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Effective treatment with icotinib in lung adenocarcinoma with EGFR and ALK co-alterations and brain metastasis

Authors Ye CY, Wang J, Zheng S, Chai Y

Received 9 September 2016

Accepted for publication 7 October 2016

Published 26 October 2016 Volume 2016:9 Pages 6605—6608


Checked for plagiarism Yes

Review by Single anonymous peer review

Peer reviewer comments 2

Editor who approved publication: Dr Ingrid Espinoza

Chenyang Ye,1,* Ji Wang,2,* Shu Zheng,1 Ying Chai3

1Cancer Institute, Key Laboratory of Cancer Prevention and Intervention, National Ministry of Education, Provincial Key Laboratory of Molecular Biology in Medical Sciences, The Second Affiliated Hospital, Zhejiang University School of Medicine, 2Department of Surgical Oncology, Sir Run Run Shaw Hospital, College of Medicine, Zhejiang University, 3Department of Thoracic Surgery, The Second Affiliated Hospital, Zhejiang University School of Medicine, Hangzhou, People’s Republic of China

*These authors contributed equally to this work

Abstract: We report a rare case of advanced lung cancer with epidermal growth factor receptor and anaplastic lymphoma kinase co-alterations and brain metastasis, in which icotinib treatment was effective for both the primary lung tumor and the brain metastasis. The patient achieved important clinical remission with a progression-free survival for two years. Our treatment strategy appears to be a promising therapeutic approach for this subgroup of patients.

Keywords: lung cancer, brain metastasis, EGFR, ALK, icotinib


Central nervous system (CNS) metastasis from non-small cell lung cancer (NSCLC) is a devastating complication, resulting in reduced quality of life and shortened survival. Molecular evaluation of primary lung cancer is needed for targeted treatment. We describe a case of advanced lung cancer with concurrent epidermal growth factor receptor (EGFR) mutation and anaplastic lymphoma kinase (ALK) rearrangements, in which both the primary lung lesion and the brain metastasis (BM) showed remarkable responses to icotinib.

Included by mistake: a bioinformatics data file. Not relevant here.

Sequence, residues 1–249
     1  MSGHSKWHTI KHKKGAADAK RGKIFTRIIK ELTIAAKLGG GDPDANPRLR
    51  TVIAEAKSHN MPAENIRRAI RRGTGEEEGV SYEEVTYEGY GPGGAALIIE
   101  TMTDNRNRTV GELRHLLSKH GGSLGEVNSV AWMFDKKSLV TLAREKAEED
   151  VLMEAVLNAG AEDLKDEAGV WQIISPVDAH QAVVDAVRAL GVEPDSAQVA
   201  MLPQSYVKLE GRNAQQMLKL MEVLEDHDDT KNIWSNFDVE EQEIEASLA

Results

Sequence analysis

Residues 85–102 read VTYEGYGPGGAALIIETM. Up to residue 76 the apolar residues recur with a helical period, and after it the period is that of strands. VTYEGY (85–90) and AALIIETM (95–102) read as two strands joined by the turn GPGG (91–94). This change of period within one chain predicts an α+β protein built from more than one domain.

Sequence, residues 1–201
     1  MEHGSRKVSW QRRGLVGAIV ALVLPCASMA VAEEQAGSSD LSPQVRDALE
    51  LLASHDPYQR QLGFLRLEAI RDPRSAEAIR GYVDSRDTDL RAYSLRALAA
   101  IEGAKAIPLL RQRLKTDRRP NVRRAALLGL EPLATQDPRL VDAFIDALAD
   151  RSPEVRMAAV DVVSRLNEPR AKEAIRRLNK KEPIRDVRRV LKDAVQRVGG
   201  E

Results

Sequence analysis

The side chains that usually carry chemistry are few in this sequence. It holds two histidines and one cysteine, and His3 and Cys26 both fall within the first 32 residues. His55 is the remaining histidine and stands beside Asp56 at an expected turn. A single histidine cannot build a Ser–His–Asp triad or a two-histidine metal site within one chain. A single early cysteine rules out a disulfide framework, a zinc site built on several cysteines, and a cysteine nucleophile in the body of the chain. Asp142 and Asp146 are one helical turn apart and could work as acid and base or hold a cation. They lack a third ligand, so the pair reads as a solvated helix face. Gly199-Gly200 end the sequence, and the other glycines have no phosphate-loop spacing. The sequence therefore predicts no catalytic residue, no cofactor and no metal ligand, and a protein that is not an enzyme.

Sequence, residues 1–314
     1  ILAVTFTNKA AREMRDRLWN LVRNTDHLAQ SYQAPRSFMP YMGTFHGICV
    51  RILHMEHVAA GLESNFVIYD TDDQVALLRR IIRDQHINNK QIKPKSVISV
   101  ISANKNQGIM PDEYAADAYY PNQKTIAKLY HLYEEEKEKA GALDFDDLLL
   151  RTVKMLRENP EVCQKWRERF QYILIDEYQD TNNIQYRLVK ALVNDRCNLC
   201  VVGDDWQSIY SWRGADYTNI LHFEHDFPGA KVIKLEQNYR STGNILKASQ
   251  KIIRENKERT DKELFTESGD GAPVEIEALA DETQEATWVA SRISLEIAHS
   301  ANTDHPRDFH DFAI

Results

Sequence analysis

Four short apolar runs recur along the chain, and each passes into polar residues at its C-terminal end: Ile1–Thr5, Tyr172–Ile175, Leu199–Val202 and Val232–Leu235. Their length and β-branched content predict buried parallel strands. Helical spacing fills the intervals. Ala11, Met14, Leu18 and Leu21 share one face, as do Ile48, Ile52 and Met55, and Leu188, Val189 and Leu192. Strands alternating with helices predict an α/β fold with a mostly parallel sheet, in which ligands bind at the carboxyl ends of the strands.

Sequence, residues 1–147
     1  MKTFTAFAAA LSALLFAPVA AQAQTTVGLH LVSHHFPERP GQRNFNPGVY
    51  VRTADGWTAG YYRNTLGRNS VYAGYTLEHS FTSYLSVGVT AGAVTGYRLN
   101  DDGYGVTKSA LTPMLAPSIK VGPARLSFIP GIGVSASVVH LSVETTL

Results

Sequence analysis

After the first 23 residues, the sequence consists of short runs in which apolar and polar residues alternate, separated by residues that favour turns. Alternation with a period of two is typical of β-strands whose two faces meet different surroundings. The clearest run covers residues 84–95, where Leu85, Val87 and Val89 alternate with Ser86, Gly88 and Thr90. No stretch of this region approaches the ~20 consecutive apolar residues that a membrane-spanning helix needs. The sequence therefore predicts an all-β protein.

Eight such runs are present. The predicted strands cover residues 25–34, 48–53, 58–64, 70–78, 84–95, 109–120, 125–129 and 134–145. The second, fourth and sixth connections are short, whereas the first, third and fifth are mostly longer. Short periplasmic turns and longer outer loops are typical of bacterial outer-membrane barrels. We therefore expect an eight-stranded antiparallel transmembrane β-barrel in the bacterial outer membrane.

Case report

In June 2014, a 62-year-old Chinese male heavy smoker presented to our hospital with recurrent cough and blood-stained sputum. His previous medical history was unremarkable. Physical examination and laboratory test results showed no significant abnormalities. The chest computed tomographic scan revealed a 3.7×2.8 cm mass in the left lower lung (LLL) (Figure 1). Mediastinal and hilar lymph nodes were not enlarged. A bronchoscopic biopsy was performed, and histopathologic examination confirmed NSCLC with a moderately differentiated tumor histology favoring adenocarcinoma (Figure 2). Subsequent brain magnetic resonance imaging (MRI) indicated BM (Figure 1). Thus, we made a diagnosis of stage IV lung adenocarcinoma with metastasis to brain according to the 7th American Joint Committee on Cancer (AJCC)/Union for International Cancer Control (UICC) tumor staging system. In light of the patient’s advanced age, a history of heavy smoking for over thirty years, and advanced NSCLC with BM, surgical resection for either primary LLL lesion or BM was not feasible. The patient refused to undergo chemotherapy or radiotherapy. EGFR mutation and ALK translocation status were identified by direct Sanger sequencing, real-time polymerase chain reaction, and fluorescence in situ hybridization (FISH) analysis, and both were found to be positive (EGFR exon 21 L858R and ALK FISH positive 22% of the cells) (Figure 3A and B). The patient began receiving 375 mg icotinib once daily. A repeated computed tomography (CT) after one month of therapy disclosed that the left lung mass had partially resolved (Figure 1). The patient continued icotinib treatment. In July 2015, a follow-up thoracic CT performed after one year of icotinib therapy revealed dramatic shrinkage of the LLL lesion (Figure 1). Interestingly, brain MRI showed that the intracranial lesion had vanished entirely. He is currently still receiving icotinib treatment, and no recurrence or progression occurred with a progression-free survival for two years.